How DLP Systems Adapted During the COVID-19 Pandemic

Let us discuss what problems companies have faced when transferring all work activity to a remote format, which communication channels have caused increased risks of data leaks, and how the business processes have changed in the view of new realities. I want to talk also about what mistakes companies made during this period and how the organizational and technical methods of control of remote workers have changed.


This year, many companies have experienced forced self-isolation and a sudden transition to the remote work mode. They quickly rebuilt their business increasing online sales and services while trying to maintain efficiency and, at the same time, protect themselves from new threats and risks.

Let us see how DLP vendors and their customers approached data loss prevention practices and remote employee monitoring in the new environment. Let us also see how DLP systems have adapted from a technical and organizational perspective and what problems were solved.

Problems of data loss prevention at the start of the transition period  

The main problem that emerged in the very first days of the pandemic was the unwillingness of a significant part of companies to fully switch to the online\remote mode of operation. Before the pandemic (depending on the sector), plenty of businesses had only a few employees working remotely, and the process of interaction with them was literally built in manual mode. When a significant proportion of people switched to distant work, many organizations practically lost control over staff activities.

Let us consider what problems have appeared in the field of protection against data leaks and related areas.

Controlling communication channels

Security officers had to reconfigure their DLP systems to be able to track new communication channels that suddenly became accessible to employees when they switched to the remote work mode and access to which was highly limited while working in the office work.

Being outside the perimeter of the organization, employees began to actively use not only their corporate cloud storage but things like Google Drive and Dropbox to exchange data, including confidential information. While IT departments were busy building secure remote access to corporate resources, employees, in order not to waste time, began to transfer data through personal accounts on public file-sharing resources.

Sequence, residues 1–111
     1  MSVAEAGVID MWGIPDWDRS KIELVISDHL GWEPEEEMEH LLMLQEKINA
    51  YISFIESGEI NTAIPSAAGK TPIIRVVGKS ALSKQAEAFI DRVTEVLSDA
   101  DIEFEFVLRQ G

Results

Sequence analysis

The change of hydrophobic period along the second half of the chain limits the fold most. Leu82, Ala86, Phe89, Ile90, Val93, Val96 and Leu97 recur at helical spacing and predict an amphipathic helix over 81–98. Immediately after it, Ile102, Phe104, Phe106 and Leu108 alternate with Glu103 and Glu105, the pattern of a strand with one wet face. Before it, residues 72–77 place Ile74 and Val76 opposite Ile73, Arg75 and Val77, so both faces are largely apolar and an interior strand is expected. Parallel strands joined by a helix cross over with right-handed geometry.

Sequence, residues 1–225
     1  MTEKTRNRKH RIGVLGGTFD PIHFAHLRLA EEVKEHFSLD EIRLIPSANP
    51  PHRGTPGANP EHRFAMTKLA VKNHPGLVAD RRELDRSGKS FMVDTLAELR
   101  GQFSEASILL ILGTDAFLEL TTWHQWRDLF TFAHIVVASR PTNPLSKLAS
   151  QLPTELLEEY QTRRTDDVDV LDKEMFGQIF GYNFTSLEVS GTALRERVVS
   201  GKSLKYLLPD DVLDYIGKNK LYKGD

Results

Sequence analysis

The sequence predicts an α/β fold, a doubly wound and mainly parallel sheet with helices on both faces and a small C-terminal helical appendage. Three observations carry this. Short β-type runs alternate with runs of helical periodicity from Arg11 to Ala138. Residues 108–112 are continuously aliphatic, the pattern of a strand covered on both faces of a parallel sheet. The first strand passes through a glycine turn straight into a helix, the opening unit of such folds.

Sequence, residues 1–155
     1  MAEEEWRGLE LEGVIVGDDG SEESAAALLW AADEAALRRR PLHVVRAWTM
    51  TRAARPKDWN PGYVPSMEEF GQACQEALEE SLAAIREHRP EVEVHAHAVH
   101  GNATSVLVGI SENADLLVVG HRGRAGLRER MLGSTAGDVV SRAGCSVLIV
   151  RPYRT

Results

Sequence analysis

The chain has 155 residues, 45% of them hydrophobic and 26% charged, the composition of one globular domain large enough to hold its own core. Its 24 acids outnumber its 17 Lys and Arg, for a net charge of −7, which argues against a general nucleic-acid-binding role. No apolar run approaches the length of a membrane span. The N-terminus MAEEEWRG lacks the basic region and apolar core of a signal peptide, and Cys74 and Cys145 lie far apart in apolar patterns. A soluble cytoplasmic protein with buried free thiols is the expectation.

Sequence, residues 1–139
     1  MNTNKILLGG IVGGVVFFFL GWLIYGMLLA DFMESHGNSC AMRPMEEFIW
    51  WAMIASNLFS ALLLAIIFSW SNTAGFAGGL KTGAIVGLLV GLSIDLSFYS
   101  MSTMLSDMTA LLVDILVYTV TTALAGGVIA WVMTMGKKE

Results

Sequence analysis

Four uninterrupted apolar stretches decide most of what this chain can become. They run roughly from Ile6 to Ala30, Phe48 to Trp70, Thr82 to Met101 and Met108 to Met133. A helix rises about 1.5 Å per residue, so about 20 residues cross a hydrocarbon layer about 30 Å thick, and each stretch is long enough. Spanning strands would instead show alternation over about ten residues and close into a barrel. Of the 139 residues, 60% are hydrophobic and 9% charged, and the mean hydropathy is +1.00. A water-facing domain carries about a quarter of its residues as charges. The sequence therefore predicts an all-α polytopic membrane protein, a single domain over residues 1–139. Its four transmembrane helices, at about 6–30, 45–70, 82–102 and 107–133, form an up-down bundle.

The laudable zeal of staff for work could lead to serious incidents in the event of rogue redirects and hacking of free cloud storage systems, which are not perfectly protected by default. Not many workers bothered to dig into security settings and enable things like two-factor authentication.

Also, employees began to copy corporate data and documents to removable media much more often. If the DLP system did not block this and if the organization did not provide all employees with work laptops, then the mission of protecting against data leaks was difficult to accomplish.

Moreover, the IT and information security departments had to urgently think about a system for monitoring email traffic and terminal servers. In terms of monitoring corporate email, companies were forced to adopt technologies that allow them to monitor the mail server without using workstation agents. As for terminal servers, they were used by most enterprises to organize secure remote access for employees to internal resources.

Changing business processes

With the transition to the remote work mode, there have been changes in the already well-functioning and “debugged” business processes. First, DLP systems in companies have recorded a sharp increase in the amount of data sent and stored on workstations. Working in the office, employees could simply walk up to colleagues and show their work on a screen or give a presentation without using additional means of communication. In the remote mode, any interaction with colleagues began to be coupled with sending over various docs.